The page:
Steve Ells and the folks at Chipotle Mexican Grill have been on a mission: to make “rapidly prepared food” (a.k.a. fast food) in the most socially responsible way possible for a nationwide chain of restaurants. While that’s respectable and all, Ells and his team forgot one thing: they’re claiming to be a Mexican grill, and they’ve done nothing to pay homage to Mexico — the country whose cuisine they’ve been inspired by. Perhaps this act of supposed cultural insensitivity is intentional, perhaps they just don’t care. Or maybe they’re just too busy enlisting Americans like Willie Nelson to cover Coldplay’s “The Scientist” for their anti-factory farm ad campaign, that they simply just forgot that “Mexican” is their middle name.

There are many customs in Mexico, particularly during the holidays. In terms of Christmas culinary tradition, tamales — that delicacy of meat wrapped in a corn flour dough and steamed in a corn husk — are traditionally prepared, served, and eaten during the season of Navidad. Why hasn’t Chipotle Mexican Grill embraced this?

Have no fear, Mr. Ells & Co., for here’s a Fancy Fast Food recipe that uses all your existing ingredients and repurposes them, so you don’t have to look like complete culturally-insensitive pricks. We here in the Fancy Fast Food kitchen will take care of the tamales; in the meantime, try and get Willie Nelson to sing “Feliz Navidad” for your next ad campaign.

Ingredients (from Chipotle Mexican Grill):

  • 3 Burritos with nothing but Carnitas and Roasted Chili & Corn Salsa
  • 3 bags of chips with Red Tomatillo Salsa
  • 1 bottle of water

First, unwrap each of the burritos and separate the ingredients. Hand pick out the shreds of pork and collect them into a bowl, and then scoop out and pour all the corn salsa into another bowl. Take each of the remaining tortillas and rinse them off in the sink, being careful not to tear them. Place them flat and let them dry with paper towels.

Chipotle Mexican Grill already marinates and seasons their pork, but we’re going to make it a little spicier for the Mexican palate. Put all the carnitas in a small saucepan, stir in some of the tomatillo salsa (to your liking), and let the two fuse together for 5-10 minutes over a low heat.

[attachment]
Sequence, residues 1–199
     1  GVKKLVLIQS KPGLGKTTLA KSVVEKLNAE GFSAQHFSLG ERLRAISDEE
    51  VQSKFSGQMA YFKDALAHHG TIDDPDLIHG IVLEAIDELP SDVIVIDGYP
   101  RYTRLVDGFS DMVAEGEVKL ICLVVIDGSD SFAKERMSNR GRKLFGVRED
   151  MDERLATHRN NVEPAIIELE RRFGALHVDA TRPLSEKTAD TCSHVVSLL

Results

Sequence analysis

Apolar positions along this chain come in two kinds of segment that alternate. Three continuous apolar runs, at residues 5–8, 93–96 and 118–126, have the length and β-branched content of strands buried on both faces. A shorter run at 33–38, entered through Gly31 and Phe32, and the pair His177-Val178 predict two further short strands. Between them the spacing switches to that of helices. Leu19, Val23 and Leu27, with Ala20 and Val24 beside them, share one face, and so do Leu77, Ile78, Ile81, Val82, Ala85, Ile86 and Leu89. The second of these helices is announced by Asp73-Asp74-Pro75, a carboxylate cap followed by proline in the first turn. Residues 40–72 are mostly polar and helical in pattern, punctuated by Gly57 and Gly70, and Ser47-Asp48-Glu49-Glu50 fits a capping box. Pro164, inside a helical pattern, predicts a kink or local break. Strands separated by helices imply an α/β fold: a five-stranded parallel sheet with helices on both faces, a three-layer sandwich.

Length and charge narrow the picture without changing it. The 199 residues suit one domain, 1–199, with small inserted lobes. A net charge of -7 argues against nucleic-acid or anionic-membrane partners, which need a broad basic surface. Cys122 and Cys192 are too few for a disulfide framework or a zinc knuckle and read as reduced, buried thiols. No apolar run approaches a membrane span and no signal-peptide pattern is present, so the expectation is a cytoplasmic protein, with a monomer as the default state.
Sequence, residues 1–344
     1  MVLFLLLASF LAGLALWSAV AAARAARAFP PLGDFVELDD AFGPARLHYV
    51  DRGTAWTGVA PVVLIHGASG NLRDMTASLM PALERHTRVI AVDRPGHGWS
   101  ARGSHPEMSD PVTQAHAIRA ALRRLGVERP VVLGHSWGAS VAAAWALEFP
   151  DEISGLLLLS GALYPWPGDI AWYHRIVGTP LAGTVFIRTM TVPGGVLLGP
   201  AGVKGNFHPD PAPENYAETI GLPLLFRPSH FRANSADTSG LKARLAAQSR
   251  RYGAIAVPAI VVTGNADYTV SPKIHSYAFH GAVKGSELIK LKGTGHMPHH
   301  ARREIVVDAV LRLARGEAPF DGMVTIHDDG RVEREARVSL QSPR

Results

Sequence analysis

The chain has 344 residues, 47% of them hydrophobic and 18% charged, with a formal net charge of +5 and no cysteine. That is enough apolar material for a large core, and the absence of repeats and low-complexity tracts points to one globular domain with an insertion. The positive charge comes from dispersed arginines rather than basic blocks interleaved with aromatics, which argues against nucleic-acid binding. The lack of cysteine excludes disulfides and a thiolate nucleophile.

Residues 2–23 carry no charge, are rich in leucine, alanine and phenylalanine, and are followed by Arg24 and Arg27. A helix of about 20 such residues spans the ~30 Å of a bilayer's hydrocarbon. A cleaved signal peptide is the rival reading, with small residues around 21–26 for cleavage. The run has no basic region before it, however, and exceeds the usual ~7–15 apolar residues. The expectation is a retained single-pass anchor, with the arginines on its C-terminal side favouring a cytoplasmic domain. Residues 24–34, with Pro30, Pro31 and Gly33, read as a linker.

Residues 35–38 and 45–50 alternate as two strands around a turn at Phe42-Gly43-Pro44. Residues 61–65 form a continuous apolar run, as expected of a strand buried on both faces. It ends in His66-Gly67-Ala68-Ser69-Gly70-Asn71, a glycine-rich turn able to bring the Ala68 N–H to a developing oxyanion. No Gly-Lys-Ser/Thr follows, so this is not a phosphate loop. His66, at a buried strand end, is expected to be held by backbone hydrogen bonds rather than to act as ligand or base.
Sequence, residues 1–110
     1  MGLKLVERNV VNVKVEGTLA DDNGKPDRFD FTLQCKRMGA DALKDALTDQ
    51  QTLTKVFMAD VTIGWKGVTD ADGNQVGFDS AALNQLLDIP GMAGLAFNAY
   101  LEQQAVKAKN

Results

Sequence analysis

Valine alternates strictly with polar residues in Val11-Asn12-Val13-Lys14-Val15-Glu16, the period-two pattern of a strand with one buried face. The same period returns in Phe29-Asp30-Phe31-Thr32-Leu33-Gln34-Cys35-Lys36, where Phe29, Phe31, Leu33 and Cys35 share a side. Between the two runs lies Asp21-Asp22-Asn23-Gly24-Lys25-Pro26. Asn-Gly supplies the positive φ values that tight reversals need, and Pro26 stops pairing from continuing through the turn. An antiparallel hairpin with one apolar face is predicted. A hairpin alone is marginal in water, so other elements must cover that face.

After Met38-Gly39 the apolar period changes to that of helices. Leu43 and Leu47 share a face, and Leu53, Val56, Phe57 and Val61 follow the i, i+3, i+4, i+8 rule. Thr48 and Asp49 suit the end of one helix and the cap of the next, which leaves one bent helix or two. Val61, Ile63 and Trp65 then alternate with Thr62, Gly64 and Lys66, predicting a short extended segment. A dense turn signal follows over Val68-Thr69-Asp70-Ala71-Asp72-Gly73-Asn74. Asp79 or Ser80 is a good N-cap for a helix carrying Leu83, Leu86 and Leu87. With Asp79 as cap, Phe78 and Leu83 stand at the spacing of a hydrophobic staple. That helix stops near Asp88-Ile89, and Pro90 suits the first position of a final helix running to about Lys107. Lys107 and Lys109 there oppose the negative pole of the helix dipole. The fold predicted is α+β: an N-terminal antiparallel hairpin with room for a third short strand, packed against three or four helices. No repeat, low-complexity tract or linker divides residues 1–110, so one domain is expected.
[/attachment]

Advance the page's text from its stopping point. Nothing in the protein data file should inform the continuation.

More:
The main ingredient of tamales is masa harina, a corn flour made from a variety of corns. We only have two kinds — corn kernel salsa and corn chips — so we’ll have to make do. First, take the chips and crush them down into a fine powder. There are many ways to do this; you could use a food processor or coffee been grinder, but if you really want to get the chips down to a fine powder, grind them yourself with a stone mortar and pestle. Start slowly so you don’t get chips all over your kitchen counter, and gradually grind them down to a fine flour. Collect it all into a bowl.

The other type of corn is wet, so we’ll purée that in a food processor. As the blade spins, gradually spoon in some of the ground corn flour, and pour in a little water as needed, until it becomes a mushy dough. Masa!

We don’t have corn husks to steam our tamales in, so we’ll have to improvise using the big tortillas. However, we can at least make them look a little bit more like corn husks, by adding a fibrous texture to them. After much experimentation, the best way to do this is to lightly roll a pizza cutter up and down each tortilla. Score — but don’t cut — in one direction until it starts resembling the texture of a corn husk.

If you’ve made tamales before, the rest is familiar. Spread some makeshift masa into the center of the “husk.” Add a strip of carnitas in the center, and then fold over the “husk” — one side and then the other, and then fold the ends in. A real corn husk can be folded in a way that you need not tie it together before steaming, but in this case, we’ll tie each with kitchen string — they make them look like three little Christmas gifts that way (for each of the three kings, if you will).



Steam the tamales in a steamer, and then unwrap each carefully. Inside you’ll find a surprisingly decent tamale — one that actually tastes like a tamale — ready to serve for Christmas, may it be in Mexico, or in your nearest Chipotle Mexican Grill. Add some tomatillo salsa for garnish and an extra kick of spice, and have a Feliz Navidad!



If you are viewing this recipe in an aggregator (like tumblr’s Dashboard), or as a reblogged post, please check out the real website at FancyFastFood.com.

Comments (View)